Key members of a suspected cyber criminal gang specialising in distributed denial of service (DDoS) extortion have been arrested following a joint operation by police forces across Europe.
Law enforcement agencies from the UK, Austria, Bosnia and Herzegovina, and Germany were all involved in the operation, dubbed Operation Pleiades, against cyber-crime group DD4BC (Distributed Denial of Service for Bitcoin).
DD4BC has been responsible for a number of bitcoin extortion campaigns since the middle of 2014. It has mostly targeted the online gambling industry, but the group has also broadened its activity to target financial services, the entertainment sector and other high-profile industries.
Key members of the gang were identified in Bosnia by the UK Metropolitan Police Cyber Crime Unit (MPCCU), which shared information with other police forces across the world, including Australia, France, Japan, Romania and the US. The operation was also supported by Interpol.
“Law enforcement and its partners have to act now to ensure that the cyberspace affecting nearly every part of our daily life is secure against new threats posed by malicious groups,” said Wil van Gemert, Europol’s deputy director of operations. He warned that companies that don’t report DDoS attacks, especially where demands are involved, are putting others at risk of similar cyber crime activity.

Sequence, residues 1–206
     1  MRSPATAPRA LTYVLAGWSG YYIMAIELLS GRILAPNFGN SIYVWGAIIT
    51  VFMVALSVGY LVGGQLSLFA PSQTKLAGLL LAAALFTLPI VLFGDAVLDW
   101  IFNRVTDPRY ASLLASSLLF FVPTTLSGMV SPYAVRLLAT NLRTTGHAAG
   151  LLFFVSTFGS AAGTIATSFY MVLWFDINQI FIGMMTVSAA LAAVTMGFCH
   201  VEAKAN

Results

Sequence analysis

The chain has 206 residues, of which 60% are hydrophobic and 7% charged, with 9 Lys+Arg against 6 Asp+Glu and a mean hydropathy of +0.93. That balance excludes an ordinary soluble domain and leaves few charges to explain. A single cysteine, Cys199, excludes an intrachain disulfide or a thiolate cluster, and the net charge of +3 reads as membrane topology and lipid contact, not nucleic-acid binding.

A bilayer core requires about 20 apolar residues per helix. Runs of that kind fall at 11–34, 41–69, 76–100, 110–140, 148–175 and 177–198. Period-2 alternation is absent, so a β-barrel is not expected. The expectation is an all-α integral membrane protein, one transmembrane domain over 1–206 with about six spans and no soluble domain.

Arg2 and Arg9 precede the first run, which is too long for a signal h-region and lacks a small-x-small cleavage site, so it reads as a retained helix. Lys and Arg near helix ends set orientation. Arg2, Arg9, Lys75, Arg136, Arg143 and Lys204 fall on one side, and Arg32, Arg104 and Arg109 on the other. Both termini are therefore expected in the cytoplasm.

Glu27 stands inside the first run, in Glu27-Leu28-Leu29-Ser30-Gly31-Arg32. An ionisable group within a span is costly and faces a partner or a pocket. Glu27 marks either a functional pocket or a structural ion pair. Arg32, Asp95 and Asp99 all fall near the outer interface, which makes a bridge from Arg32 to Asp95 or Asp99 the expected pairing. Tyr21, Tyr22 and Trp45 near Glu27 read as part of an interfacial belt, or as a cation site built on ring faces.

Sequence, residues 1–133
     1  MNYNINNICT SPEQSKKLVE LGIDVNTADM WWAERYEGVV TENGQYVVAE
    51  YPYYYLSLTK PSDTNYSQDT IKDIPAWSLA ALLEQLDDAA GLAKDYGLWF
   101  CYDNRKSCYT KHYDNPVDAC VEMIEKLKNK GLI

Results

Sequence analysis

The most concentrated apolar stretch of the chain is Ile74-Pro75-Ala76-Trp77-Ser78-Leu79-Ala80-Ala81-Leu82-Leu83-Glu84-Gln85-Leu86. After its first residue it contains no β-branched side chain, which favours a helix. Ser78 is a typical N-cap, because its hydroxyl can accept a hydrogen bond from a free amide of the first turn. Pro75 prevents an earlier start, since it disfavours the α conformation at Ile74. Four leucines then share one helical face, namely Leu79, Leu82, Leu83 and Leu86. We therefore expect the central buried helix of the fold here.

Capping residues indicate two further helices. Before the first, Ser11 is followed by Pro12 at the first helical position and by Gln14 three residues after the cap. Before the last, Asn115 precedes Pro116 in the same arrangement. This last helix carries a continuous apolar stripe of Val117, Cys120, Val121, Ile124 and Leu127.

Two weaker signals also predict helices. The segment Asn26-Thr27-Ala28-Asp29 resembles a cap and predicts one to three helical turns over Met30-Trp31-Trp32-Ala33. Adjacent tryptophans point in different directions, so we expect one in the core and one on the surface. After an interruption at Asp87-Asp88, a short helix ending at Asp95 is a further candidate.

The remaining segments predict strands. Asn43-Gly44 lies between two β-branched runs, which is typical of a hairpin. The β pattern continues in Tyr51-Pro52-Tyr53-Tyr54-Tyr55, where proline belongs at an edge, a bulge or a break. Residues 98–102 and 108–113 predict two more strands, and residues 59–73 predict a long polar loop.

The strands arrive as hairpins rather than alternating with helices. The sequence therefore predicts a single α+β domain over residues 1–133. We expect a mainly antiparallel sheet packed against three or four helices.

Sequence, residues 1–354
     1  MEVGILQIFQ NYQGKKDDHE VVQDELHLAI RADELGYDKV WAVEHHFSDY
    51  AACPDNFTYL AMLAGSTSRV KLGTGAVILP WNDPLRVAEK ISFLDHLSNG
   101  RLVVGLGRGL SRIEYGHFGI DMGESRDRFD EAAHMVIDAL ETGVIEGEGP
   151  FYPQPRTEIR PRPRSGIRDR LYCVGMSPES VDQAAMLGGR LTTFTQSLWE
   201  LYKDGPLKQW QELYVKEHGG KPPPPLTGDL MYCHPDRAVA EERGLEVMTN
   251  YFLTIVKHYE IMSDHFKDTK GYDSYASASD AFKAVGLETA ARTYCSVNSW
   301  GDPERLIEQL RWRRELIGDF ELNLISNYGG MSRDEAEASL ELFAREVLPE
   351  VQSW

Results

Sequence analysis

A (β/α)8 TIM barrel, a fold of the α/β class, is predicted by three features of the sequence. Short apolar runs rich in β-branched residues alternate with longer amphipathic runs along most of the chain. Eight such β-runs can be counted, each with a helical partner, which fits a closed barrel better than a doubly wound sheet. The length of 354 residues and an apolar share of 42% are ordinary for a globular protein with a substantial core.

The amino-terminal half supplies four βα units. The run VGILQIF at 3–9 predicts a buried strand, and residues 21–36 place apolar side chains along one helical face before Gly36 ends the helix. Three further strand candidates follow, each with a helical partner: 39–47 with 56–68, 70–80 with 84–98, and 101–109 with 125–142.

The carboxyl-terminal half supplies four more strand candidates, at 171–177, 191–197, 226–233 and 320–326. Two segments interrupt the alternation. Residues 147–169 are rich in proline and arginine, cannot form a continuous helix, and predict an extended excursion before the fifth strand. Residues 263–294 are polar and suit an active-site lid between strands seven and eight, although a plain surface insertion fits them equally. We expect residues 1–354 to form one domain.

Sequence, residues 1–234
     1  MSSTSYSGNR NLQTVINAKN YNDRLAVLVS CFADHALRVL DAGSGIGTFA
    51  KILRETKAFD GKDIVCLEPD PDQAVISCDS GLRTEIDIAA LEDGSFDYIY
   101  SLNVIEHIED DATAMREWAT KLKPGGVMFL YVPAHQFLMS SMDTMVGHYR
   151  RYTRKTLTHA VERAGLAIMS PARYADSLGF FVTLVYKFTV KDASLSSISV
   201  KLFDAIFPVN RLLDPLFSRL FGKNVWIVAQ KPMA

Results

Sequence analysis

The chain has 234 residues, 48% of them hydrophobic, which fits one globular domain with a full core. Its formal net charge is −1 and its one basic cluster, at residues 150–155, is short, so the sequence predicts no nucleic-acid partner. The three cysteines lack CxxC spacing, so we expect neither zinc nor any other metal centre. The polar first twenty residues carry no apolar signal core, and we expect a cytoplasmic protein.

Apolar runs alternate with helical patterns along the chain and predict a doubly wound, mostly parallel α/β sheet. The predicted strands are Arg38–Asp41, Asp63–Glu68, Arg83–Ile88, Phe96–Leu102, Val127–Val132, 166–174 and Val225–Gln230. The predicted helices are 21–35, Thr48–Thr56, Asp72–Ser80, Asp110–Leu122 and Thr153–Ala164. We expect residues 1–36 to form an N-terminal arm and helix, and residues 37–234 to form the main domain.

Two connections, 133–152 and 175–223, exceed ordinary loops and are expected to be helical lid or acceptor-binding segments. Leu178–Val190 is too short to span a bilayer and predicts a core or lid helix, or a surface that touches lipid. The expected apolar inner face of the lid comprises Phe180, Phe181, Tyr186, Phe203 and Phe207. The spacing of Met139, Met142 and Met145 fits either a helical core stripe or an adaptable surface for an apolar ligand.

“These groups employ aggressive measures to silence the victims with the threat of public exposure and reputation damage. Without enhanced reporting mechanisms, law enforcement is missing vital means to protect companies and users from recurring cyber-attacks,” he said.
“Police actions such as Operation Pleiades highlight the importance of incident reporting and information sharing between law enforcement agencies and the targets of DDoS and extortion attacks,” van Gemert added.
Authorities often cite how collaboration is key when it comes to dealing with cyber crime. Paul Gillen, head of operations for Europol’s European Cyber Crime Centre, has argued that it’s essential for private and public organisations to work together to fight the threat.
“This is the way to go, this is what we’re going to have to do from now on. We’re going to have to perfect this model and perfect it to maintain operational secrecy,” he said.
Paul Nicholson, director of product marketing at cyber security specialist A10 Networks, welcomed the arrest but warned that it won’t stop cyber criminals from trying to extort ransoms.
“This isn’t the last we’ve heard of DDoS attacks for the purpose of ransom. Distributed denial of service attacks are easier to pull off than ever, which is why we are seeing them increasingly used as a means of gaining leverage over businesses that are highly reliant on the Internet,” he said.
“For organisations such as banks, financial institutions and even gambling websites, network downtime is equated with an immediate loss of revenue, which can lead them to give in to demands. Fortifying defences must be these organisations’ top priority,” Nicholson added.